“Be yourself – not your idea of what you think somebody else’s idea
of yourself should be”
-Henry David Thoreau-
Hopefully this song makes you smile. Have a happy day!
I have often complained about my housing accommodation this last year (too small, unfinished, etc…), but I have come to think of how lucky I am to live where I live. I can step outside and go for a walk. If I observe the social distancing guidelines, I can go for a bike ride. Or I could go to the beach as I live within walking distance of the closest one and would not need to park my car. (As per city ordinance, all beachside parking lots are closed to the public.
Many people are not so lucky, and it must be hard to hunker down and wait … Anxiety is growing as the official response is often vague and contradictory and does not show a clear forward path. (apart from staying put that is – which will help to “flatten the curve.” I have no doubt).
It is in these hard and challenging times that we, as people, as humans, are forced to look inside ourselves and find ways to reconnect with a multitude of forgotten things. It may be a good thing to find out where we may be able to lend a hand. Reach out and connect (online) and remember, always, that this too shall pass.
Enjoy Day 5 of the Isolation Journal, laying out quite well the dark and moodiness that is slowly creeping up in people. And if you can spare but a tiny moment, like, follow the page/website. Until tomorrow peoples of the page. Be safe. Be kind. Namaste.
ISOLATION JOURNAL | A Southern Strategy |Day 5
If ever there was a time to think of people who are having a rougher time than we are, it’s now.
This was my lens of perceiving on Day 5 of my self-imposed isolation. The urgency of things is mushrooming at breakneck speed., and whatever one's conclusions or assumptions, it is a time for immense self-control. Suspension of anxiety can be found, at least temporarily, in giving consideration to others and extending help in any safe way one can.
I suggest we are all going to re-learn or learn something called Present-centeredness because the abyss of the Uncertain has suddenly opened on all sides of us. Uncertainty about what "it" is, the uncertainty of how our global powers and leaders will handle (or abuse) ''it'', and uncertainty of how we will survive "it." ''It's'' on everyone's minds, at once.
So many of us have not known the Uncertain much at all. Our lives in scripted consumer society have been pretty much plotted out for a lot of us, and I have never condemned anyone for choosing the safe or familiar, because, in the end, that choice is no easier than living by one's wits and trusting that the rabbit will be there to pull out of the hat.
That said, persons who not only expected--but demanded (of themselves and others)--that reality would unfold as advertised may be in for a rude awakening. But waking up to the facts does not have to disable them.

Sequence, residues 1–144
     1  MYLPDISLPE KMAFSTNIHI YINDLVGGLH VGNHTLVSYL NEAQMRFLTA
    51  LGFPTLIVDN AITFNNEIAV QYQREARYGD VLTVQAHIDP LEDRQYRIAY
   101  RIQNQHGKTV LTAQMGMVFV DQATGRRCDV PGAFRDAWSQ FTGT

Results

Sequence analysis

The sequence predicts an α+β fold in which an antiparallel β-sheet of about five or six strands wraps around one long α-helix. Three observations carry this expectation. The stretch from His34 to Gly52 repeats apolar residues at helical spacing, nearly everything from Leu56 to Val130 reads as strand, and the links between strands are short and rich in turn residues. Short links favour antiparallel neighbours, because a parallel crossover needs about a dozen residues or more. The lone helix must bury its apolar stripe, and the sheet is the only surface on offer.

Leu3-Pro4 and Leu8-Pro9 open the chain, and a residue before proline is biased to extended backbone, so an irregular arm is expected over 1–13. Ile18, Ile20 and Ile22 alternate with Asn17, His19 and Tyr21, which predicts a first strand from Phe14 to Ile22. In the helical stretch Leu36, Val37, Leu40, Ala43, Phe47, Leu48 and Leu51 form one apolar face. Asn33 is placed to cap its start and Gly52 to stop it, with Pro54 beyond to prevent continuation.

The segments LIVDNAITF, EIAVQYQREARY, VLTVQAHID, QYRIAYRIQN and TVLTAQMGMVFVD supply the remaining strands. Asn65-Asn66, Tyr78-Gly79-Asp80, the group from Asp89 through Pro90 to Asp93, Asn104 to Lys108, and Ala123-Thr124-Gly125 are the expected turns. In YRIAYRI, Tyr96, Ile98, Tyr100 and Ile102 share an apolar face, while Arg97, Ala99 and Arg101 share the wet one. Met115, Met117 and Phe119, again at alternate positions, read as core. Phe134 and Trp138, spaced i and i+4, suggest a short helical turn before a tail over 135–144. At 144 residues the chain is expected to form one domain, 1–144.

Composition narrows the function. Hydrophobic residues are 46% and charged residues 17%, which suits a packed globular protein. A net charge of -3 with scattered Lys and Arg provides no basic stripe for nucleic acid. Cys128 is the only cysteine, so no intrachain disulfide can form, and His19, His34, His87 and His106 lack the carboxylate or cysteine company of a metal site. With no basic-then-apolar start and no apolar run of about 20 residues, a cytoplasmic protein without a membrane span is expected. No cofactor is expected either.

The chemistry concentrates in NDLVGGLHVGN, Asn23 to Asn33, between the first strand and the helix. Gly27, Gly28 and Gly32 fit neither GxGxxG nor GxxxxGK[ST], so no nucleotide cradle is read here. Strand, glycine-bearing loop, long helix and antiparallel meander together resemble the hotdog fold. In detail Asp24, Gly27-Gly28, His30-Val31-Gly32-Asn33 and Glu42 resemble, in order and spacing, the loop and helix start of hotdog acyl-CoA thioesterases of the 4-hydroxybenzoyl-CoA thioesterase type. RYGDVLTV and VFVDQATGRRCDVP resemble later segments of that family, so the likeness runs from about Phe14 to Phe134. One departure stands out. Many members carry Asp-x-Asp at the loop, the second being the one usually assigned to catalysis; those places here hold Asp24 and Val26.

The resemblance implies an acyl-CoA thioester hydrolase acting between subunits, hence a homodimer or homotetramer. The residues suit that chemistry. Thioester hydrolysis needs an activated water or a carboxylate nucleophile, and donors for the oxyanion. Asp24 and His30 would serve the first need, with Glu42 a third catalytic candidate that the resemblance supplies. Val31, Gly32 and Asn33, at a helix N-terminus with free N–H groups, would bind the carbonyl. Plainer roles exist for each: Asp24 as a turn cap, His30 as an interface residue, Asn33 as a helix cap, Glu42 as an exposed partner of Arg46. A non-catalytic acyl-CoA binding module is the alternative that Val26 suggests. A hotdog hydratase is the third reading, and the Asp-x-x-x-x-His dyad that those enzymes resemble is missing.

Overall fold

Most of us have already reviewed in our minds the grave potential for our own calamity, and chances are we have found persons in our midst in much more dire predicaments than ourselves. To rerun scenarios of possible doom is an avalanche of speculation that can be lethal in and of itself, and, for myself, I had to find my method ("Be here, now, in this present") of putting the brakes on this aspect of Mind, or I would not be of any good to myself nor anyone else. I've already had my midnight call to the Emergency Room over a week ago, but I have regained since.
Judgments about adult discussion vs. fear-mongering have also been blurred, as much as everything else about language has been turned upside down or Orwell-ized in modern society. Certainly, the hoarders need no provocation: Their minds apparently teem with Armageddon imagery, and hoarding is the best evidence of their nightmare coming to life... by their own hands.
I had converged with my neighbor late last evening after pulling into my driveway from a quick errand. We talked at 'safe distance' for some time. An exemplary parent in his mid-30s, he is very worried about his bright six-year-old son's exposure to this new world and is being vigilant about his son's exposure to the internet and television. "I don't want him growing up to expect that this madness is normal or acceptable--quarantine, excised freedoms, mania on newscasts—and it's all getting so quickly coded into his head. "
"I got to have a whiff of childhood," I told him. "I had at least nine years until I realized life was going to be a battle for me. It's not right; he should have his few years left as a child ripped away. But we are, collectively, the thieves."
"Few facts, no test kits, no definite forecast, and telling people it'll all pass in two weeks..." He stopped, then shrugged, exasperated.
We discussed neighborhood safety measures, property vigilance, the nuts, and bolts of civil distress. He regards me as an elder, and I am, so it was reaffirmed when he added, "If you need anything, let us know."
By the close of Day 5, it was all becoming a very quiet blur. I thought about how I could structure the next day to maximize my health, get some groceries, and build a better network of people who could talk to each other to calm anxieties and come up with long-term survival solutions for ourselves and others.
But the facts of any foreseeable future were still so vague that it seemed difficult to plan much of anything.
© Silvanus Slaughter 2020
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